What is functional diversity and what types exist

Why is the term functional diversity used as opposed to other terms such as handicapped or disabled?

que es diversidad funcional
Communication Team


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What is functional diversity?

The use of the term functional diversity arises from a social perspective, with a focus on the different capabilities of each individual, leaving deficits and shortcomings in the background, as was previously the case.

The numerous terms that have been used previously (such as handicapped or deficient) gave a negative view, implying that these were people with less value.

The reason for the use of this type of concepts is that they arose from a medical perspective, with a vision centered merely on disease or pathology.

The WHO estimates that 1.3 billion people (approximately one in six of the world’s population) suffer from some form of significant functional diversity.

This group of people is twice as likely to develop different types of illnesses (such as depression, asthma, diabetes, stroke or obesity), in addition to facing unfair situations such as stigmatization, discrimination (affecting matters such as education or employment) or even poverty.

Types of functional diversity according to the altered system

Depending on the system that is altered, we can find different types of functional diversity: physical or motor, sensory, intellectual and multiple.

Physical or motor functional diversity

This involves problems in the development of movements that may affect the possibilities of movement, balance, use of the hands or even speech.

The causes of this type of functional diversity may range from prenatal problems or problems during pregnancy or later pathologies linked to accidents or trauma.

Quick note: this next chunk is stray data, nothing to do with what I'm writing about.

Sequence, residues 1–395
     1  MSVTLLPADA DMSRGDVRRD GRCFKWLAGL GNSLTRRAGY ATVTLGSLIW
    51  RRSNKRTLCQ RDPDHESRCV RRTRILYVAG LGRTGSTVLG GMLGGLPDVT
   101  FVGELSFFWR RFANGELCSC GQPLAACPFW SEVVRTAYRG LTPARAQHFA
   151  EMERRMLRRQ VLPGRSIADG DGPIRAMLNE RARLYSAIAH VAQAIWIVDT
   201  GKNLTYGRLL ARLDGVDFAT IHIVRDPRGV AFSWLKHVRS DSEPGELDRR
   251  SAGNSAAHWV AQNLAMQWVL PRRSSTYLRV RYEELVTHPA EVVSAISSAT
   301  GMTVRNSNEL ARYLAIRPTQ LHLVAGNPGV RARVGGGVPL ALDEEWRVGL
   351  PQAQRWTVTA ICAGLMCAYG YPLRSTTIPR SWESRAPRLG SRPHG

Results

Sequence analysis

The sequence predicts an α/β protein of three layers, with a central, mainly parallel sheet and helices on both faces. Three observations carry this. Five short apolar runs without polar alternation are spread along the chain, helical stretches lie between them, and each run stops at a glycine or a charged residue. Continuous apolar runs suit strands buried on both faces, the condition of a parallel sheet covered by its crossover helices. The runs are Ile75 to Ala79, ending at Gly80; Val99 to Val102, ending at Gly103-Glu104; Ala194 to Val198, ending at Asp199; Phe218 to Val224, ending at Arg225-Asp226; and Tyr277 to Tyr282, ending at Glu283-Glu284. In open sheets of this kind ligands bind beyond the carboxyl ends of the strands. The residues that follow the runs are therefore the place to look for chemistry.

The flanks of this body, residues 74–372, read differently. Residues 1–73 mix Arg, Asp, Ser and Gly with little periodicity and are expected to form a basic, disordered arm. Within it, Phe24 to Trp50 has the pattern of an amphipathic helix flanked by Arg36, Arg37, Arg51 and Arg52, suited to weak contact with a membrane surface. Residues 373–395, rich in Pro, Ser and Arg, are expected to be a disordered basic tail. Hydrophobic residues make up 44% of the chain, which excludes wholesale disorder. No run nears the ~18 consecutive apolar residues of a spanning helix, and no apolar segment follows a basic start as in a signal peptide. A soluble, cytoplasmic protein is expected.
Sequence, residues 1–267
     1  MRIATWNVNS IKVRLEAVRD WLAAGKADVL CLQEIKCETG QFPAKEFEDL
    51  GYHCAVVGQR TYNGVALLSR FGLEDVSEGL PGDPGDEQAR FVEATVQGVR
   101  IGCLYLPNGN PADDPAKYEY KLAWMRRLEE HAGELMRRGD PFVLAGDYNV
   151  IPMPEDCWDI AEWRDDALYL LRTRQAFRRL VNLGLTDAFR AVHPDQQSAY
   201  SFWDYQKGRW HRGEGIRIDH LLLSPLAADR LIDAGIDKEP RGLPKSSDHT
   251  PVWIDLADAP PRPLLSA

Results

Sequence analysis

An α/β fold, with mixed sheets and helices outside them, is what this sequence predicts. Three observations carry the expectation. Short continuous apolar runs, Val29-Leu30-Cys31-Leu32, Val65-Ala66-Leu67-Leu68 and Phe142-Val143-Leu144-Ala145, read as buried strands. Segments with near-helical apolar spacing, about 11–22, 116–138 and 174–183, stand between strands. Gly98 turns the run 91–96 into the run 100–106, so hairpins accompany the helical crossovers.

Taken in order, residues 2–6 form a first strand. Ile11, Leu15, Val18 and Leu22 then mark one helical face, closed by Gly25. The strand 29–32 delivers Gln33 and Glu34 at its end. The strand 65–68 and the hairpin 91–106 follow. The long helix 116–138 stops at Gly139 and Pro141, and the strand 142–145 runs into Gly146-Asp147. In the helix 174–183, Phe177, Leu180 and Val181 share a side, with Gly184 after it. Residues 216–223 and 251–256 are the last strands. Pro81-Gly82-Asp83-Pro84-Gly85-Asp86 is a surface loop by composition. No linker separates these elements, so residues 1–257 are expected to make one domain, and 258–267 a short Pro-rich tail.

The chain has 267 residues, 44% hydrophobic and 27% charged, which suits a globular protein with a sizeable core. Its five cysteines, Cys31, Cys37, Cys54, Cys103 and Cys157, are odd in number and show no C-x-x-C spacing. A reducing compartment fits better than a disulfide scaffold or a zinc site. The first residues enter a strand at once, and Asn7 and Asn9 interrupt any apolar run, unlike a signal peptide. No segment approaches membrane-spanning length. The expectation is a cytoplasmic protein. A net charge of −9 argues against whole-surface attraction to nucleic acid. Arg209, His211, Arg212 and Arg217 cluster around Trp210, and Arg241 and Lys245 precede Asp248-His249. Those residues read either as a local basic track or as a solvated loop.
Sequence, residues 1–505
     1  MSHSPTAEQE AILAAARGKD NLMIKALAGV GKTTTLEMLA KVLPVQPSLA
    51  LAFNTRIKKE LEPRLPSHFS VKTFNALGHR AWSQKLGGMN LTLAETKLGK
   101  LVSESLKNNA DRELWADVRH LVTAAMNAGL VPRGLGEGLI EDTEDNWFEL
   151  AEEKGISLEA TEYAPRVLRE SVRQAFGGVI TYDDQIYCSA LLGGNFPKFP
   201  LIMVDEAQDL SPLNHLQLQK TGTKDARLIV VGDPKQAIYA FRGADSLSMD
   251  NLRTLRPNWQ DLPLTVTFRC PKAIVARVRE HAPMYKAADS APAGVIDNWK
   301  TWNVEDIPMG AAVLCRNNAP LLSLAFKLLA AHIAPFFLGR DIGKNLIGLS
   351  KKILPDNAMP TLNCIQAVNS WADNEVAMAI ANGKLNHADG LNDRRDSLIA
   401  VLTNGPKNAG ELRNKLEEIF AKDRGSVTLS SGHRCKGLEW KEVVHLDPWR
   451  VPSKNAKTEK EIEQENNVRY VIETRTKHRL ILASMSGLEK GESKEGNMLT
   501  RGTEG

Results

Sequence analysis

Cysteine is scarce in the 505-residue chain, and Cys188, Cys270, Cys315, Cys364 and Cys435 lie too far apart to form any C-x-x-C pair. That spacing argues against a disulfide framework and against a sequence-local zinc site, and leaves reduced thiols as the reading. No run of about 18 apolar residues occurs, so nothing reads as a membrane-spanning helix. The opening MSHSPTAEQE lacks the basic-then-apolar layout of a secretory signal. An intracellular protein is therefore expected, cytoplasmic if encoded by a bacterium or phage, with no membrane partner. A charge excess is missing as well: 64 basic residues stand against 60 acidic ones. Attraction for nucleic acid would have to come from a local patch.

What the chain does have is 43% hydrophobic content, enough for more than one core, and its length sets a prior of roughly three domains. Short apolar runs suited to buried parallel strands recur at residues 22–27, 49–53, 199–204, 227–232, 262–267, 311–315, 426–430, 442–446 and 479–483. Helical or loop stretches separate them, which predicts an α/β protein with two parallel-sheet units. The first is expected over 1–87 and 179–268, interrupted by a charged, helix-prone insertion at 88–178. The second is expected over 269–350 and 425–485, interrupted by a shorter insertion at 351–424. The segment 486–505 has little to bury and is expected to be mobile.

Sensory functional diversity

This category can include both visual and hearing problems.

  • Visual. These range from blindness (either partial or total) to vision problems of a milder nature. The causes may be of various origins: congenital or acquired, such as cataracts, strabismus or other eye problems.
  • Hearing. They can occur in only one ear (unilateral) or in both (bilateral) and depending on the degree of hearing loss we can find from profound (commonly known as deafness) to the mildest (hypoacusis).

Intellectual functional diversity

This type refers to people with a slower than average ability to learn social and intellectual skills with which to act in different situations. This type of functional diversity is not only related to the person, but is also influenced by the environment.

Multiple functional diversity

We can summarize this type as one that encompasses needs in more than two systems. It is not only the sum of impairments that characterizes multiple functional diversity, but also the person’s level of development and his or her communicative, social and learning possibilities.

Types of functional diversity according to the degree of impairment

Depending on the degree of impairment, the BOE lists five different types:

  • Null, between 0% and 4% disability. It is an insignificant level that does not generate any impossibility for the development of daily life and its activities.
  • Mild, between 5% and 24% disability. Although it is true that there is some difficulty in carrying out activities of daily use, the person has total independence in their development.
  • Moderate, between 25% and 49% disability. It may involve some total limitation in certain daily activities, being independent in self-care activities.
  • Severe, between 50% and 95% disability. Includes the possibility of having a total limitation or the impossibility of performing daily activities, including self-care activities.
  • Total, between 96% and 100% disability. Unlike the previous case, it implies the impossibility of performing practically all daily activities, including, obviously, self-care activities.

Committed to diversity

For Telefónica, incorporating the management of inclusion and diversity is key to connecting talent and growth, since only by managing diversity in an inclusive manner will it be possible to guarantee a discrimination-free environment that overturns inequalities linked to labels.

As José María Álvarez-Pallete, Chairman of Telefónica, reminds us, “contributing to providing opportunities for people with disabilities is not only an ethical imperative, but also a question of talent and business. No company can afford to do without any valuable professional”.


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